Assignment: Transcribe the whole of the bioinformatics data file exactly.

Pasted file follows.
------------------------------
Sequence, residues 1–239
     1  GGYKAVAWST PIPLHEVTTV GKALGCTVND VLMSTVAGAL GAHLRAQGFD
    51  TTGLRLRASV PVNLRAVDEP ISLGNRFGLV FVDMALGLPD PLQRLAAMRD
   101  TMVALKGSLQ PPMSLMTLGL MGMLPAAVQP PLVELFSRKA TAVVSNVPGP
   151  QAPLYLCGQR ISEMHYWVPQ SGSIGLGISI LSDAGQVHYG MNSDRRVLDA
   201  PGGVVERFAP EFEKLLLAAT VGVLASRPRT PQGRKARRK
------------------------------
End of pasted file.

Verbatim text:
Sequence, residues 1–239
     1  GGYKAVAWST PIPLHEVTTV GKALGCTVND VLMSTVAGAL GAHLRAQGFD
    51  TTGLRLRASV PVNLRAVDEP ISLGNRFGLV FVDMALGLPD PLQRLAAMRD
   101  TMVALKGSLQ PPMSLMTLGL MGMLPAAVQP PLVELFSRKA TAVVSNVPGP
   151  QAPLYLCGQR ISEMHYWVPQ SGSIGLGISI LSDAGQVHYG MNSDRRVLDA
   201  PGGVVERFAP EFEKLLLAAT VGVLASRPRT PQGRKARRK